Consider some of the variables that may increase the assignment fee a wholesaler can earn.
When a property needs major repairs, there’s been a traumatic event on the property, the seller is in a desperate financial state, etc., opportunities increase for wholesalers to earn larger assignment fees.
This is where the soft skills of connecting with people intersect with the hard skills of negotiation.
“There is a lot of money to be made in wholesale real estate, if you know the game well enough. There is no real average on an assignment fee per transaction.” Ethan Taub, FinTech CEO.
Particularly when looking to wholesale properties outside your state of residence, it’s always wise to familiarize yourself with state laws that may impact your ability to earn assignment fees. A state, such as Illinois, may limit the number of contract assignments that a wholesaler may conduct in a calendar year before requiring a real estate license.
In some instances, wholesalers may be required to perform a double closing to honor the laws of the land. Outside these boundaries, negotiating parties are essentially limitless in terms of the financial incentive they arrive upon for their assignment fee.
Still, protect all parties by clearly spelling out the amount and terms of payment in your assignment agreement. This is one path to assuring there are no surprises for you, the end buyer, the seller, or the title company at closing.
For new wholesalers, a crucial factor for consideration is knowing your break-even point.
When wholesalers are focused on securing deals at the lowest possible price, gaining the greatest assignment fee, and selling at the highest price that works for the end buyer, they have a recipe for success.
Inexperienced wholesalers can make a lot of rookie mistakes like not knowing that HUD properties (property obtained by the Department of Housing and Urban Development), real estate owned (REOs or foreclosed-upon property), or listed properties are not always assignable.
When considering REOs that are not always assignable through traditional methods, it’s important to do your homework and understand advanced strategies that may make these opportunities possible.
Too often, newbies see their financial rewards and get greedy by not doing their homework on REOs or pricing their offers close to retail. Not only do these terms raise red flags for potential buyers, but they also create additional risks like forced price reductions or not closing the sale at all.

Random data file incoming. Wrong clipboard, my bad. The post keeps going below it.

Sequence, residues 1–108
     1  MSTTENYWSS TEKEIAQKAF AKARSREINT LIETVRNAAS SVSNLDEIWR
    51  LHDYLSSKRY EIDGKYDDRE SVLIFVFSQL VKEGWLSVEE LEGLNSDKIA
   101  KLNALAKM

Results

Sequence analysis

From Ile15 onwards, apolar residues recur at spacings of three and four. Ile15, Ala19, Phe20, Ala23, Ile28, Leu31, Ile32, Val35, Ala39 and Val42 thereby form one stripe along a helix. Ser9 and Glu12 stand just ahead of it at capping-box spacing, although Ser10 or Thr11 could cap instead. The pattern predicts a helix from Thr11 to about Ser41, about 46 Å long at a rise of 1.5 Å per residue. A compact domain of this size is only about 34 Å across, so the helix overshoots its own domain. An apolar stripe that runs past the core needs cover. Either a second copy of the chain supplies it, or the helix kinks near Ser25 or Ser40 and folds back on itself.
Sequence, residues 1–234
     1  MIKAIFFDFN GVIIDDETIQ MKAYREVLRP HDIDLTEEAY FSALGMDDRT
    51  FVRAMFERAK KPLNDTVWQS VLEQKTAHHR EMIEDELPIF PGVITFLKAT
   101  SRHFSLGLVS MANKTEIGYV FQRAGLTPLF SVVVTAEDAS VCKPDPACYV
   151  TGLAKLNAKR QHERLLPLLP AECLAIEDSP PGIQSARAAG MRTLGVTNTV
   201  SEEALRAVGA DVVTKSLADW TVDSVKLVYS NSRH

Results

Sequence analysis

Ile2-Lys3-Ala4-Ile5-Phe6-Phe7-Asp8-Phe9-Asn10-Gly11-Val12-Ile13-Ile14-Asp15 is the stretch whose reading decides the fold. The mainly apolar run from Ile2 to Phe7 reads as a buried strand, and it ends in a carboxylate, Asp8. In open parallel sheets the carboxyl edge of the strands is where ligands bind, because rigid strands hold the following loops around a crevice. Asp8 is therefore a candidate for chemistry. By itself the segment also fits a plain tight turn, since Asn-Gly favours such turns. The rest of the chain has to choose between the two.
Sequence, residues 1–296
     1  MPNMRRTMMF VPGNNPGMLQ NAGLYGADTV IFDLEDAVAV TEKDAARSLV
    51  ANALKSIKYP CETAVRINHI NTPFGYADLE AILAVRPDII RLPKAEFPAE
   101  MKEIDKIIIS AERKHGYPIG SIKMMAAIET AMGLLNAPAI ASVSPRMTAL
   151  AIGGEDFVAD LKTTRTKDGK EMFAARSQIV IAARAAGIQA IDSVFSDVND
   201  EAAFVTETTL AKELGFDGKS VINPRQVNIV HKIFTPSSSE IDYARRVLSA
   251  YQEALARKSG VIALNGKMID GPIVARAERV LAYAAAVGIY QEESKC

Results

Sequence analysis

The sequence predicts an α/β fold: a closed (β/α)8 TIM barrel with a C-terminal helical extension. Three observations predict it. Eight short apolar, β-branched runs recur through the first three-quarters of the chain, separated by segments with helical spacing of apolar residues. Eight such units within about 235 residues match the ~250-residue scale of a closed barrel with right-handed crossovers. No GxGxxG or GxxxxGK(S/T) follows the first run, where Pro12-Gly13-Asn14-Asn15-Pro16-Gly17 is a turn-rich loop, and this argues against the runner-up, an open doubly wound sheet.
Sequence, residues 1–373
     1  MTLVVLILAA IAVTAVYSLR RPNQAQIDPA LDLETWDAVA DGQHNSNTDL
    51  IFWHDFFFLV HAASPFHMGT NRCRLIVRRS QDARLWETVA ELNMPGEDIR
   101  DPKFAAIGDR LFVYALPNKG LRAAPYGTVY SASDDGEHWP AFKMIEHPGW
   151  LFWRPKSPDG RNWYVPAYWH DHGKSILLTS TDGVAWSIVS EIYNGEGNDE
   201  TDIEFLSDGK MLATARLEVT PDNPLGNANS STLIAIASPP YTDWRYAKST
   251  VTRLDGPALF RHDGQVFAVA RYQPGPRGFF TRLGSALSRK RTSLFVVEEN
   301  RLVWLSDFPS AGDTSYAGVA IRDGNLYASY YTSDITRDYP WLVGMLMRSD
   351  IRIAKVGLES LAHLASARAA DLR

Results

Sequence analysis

Talk with twenty real estate investors and you’ll likely receive twenty different answers on what they’ve experienced. As with other properties, there is not a “typical” assignment fee when negotiating on the sale of a vacant lot.
Depending on local market conditions, the size of the lot, location of the property, anticipated sale price after any improvements, and other factors typical to real estate transactions, it’s easy to see how the assignment fee can vary. Common to any wholesale transaction, these variables are not limited to the sale of an undeveloped piece of real estate.
As a wholesaler, funds are received when the end buyer submits payment for the sale. This puts the responsibility on the wholesaler to perform due diligence in researching variables before agreeing upon the value of every lot you are interested in wholesaling.
When understanding the difference between the current and future state of the property, visionary wholesalers are one step ahead of their competition in terms of pricing appropriately.
Too many wholesalers agree they’ve missed out on potential rewards by not doing their homework and understanding crucial variables that can make a property more valuable than meets the eye.
Regardless of what type of property it is, the profit earned in your assignment fee has more to do with your ability to research, market, and negotiate than the actual value of the property.
Trust the adage that the property will only be worth what someone is willing to pay for it.
If you agreed to purchase a lot from the seller at $129,000 and you assign the original contract to the buyer for $229,000, your profit (assignment fee) of $100,000 is money well-earned that rests squarely on your shoulders. But, if you weren’t diligent in your research and didn’t know the history of the property or the seller’s reason for wanting to bail, that sale may never happen.
In most cases, any type of loan fee expenses will appear on the HUD-1. These can include document preparation fees, application fees, draw fees, wire fees, and assignment fees.
Depending on how a deal is structured, local laws, etc. the assignment fee typically appears on the settlement statement, the HUD-1. In many cases, this helps wholesalers establish trust through transparency.
At the same time, it may elevate cause for concern when a seller questions the amount a wholesaler can make off their deal. This may be another reason to consider a double closing.
One possible location for the assignment fee in Section 200 where the HUD-1 includes transactions paid out of closing as credits to the buyer.
This section includes “Amounts Paid By Or In Behalf Of Borrower” like earnest money deposits by the Buyer, tax and assessment pro-rations from the Seller, the loan(s) amounts you are getting, the loan you may be assuming, Seller paid closing costs, credits to the Buyer for funds deposited from sellers or other sources.
Because any money owed to the Buyer by the Seller at the time of closing may show up here, this is another place the assignment fee may appear.